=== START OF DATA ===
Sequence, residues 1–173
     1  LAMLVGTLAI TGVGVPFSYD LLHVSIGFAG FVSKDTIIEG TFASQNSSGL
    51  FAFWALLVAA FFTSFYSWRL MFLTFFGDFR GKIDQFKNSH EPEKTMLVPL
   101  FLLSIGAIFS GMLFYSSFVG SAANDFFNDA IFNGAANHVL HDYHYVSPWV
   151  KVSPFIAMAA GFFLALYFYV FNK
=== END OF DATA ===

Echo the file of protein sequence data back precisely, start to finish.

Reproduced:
Sequence, residues 1–173
     1  LAMLVGTLAI TGVGVPFSYD LLHVSIGFAG FVSKDTIIEG TFASQNSSGL
    51  FAFWALLVAA FFTSFYSWRL MFLTFFGDFR GKIDQFKNSH EPEKTMLVPL
   101  FLLSIGAIFS GMLFYSSFVG SAANDFFNDA IFNGAANHVL HDYHYVSPWV
   151  KVSPFIAMAA GFFLALYFYV FNK